BACKGROUND. Neonatal hypotension may be a risk factor for neurologic impairment. Few studies have examined the impact of low blood pressure in extremely low birth weight (ELBW) infants weighing 400 to 999 g on neurodevelopmental outcome.

OBJECTIVES. We set out to explore the relationship between treated hypotension in the first 72 hours of life and perinatal factors, morbidity, and mortality in ELBW infants and then to compare neurosensory outcome in ELBW infants with treated hypotension and those who never received treatment for hypotension.

DESIGN/METHODS. We performed chart review of all 156 ELBW infants admitted to our level III NICU in 1998–1999. Infants had “treated hypotension” if they received fluid pushes, corticosteroids, and/or vasopressors during the first 72 hours of life in an attempt to increase blood pressure. Follow-up included neurologic examination, Bayley Scales of Infant Development, vision and hearing evaluation. Statistical analysis was performed by using SPSS 11.0. Univariate and multivariate analyses were conducted to determine morbidities associated with treated hypotension.

RESULTS. Fifty-nine infants received treatment for hypotension. Ninety-seven infants did not. The groups had similar race, gender, delivery mode, chorioamnionitis, and maternal socioeconomic status. Thirty-eight (24%) infants expired, including 20 who received treatment for hypotension. Of the 156 infants in the study group, 110 underwent neurodevelopment testing, and 103 were able to undergo complete neurodevelopment testing and Bayley examination. Multivariate analysis controlling for socioeconomic status and neonatal morbidity revealed that treated hypotension is associated with delayed motor development and hearing loss.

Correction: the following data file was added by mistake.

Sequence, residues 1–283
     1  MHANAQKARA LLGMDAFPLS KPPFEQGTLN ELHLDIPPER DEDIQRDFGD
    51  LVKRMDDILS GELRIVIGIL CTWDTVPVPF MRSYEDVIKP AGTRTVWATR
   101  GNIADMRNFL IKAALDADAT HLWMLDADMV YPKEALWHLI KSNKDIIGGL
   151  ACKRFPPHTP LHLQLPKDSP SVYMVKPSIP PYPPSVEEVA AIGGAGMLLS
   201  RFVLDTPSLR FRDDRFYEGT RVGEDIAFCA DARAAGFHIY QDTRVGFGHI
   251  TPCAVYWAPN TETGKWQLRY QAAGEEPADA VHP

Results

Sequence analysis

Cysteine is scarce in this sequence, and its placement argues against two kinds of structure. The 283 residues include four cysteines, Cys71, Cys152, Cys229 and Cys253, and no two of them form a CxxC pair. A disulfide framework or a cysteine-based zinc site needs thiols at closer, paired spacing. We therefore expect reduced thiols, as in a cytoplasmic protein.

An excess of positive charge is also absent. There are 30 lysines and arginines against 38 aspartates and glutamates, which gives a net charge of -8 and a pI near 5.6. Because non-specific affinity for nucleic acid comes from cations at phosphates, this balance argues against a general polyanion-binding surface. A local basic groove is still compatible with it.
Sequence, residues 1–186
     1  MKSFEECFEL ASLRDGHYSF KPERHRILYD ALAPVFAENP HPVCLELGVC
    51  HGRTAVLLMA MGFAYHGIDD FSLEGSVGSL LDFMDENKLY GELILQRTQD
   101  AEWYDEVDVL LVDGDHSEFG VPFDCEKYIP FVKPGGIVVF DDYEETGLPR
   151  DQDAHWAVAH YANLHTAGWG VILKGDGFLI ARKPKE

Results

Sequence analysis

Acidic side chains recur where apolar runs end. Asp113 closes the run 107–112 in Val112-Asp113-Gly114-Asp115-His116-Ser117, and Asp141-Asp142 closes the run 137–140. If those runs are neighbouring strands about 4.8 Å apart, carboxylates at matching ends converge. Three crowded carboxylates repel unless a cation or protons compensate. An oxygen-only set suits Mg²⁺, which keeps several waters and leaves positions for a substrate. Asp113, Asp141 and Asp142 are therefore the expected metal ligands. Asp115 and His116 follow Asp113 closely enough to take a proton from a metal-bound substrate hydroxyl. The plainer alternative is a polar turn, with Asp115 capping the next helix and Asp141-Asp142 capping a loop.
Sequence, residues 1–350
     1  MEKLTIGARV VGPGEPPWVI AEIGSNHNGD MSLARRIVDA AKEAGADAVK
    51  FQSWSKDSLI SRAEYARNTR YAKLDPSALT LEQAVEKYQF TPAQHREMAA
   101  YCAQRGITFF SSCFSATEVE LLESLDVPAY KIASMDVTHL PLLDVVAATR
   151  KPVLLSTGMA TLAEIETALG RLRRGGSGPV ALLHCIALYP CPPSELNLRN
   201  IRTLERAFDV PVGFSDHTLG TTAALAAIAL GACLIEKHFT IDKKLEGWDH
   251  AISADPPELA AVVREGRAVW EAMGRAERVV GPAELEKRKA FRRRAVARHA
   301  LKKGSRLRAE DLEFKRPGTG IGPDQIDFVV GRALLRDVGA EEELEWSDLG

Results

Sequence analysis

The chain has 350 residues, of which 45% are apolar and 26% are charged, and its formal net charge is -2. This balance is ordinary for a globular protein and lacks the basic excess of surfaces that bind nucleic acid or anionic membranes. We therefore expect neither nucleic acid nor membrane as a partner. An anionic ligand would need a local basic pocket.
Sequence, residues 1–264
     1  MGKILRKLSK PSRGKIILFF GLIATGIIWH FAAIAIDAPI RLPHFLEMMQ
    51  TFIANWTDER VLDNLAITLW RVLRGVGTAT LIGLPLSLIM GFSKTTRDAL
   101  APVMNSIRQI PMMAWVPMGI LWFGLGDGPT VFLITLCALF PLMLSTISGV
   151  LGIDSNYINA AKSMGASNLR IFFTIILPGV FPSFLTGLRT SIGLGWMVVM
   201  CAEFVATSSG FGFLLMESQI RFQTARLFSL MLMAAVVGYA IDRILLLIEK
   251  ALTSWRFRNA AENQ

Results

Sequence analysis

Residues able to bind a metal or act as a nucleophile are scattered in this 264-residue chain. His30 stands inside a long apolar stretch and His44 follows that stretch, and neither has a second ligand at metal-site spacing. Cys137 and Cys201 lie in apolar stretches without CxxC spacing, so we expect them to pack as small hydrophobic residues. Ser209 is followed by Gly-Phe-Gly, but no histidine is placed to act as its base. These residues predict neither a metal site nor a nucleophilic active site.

CONCLUSIONS. Treated hypotension in ELBW infants in the first 72 hours of life is associated with significant short-term and long-term morbidity. Infants with treated hypotension are more likely to have delayed motor development, hearing loss, and death.

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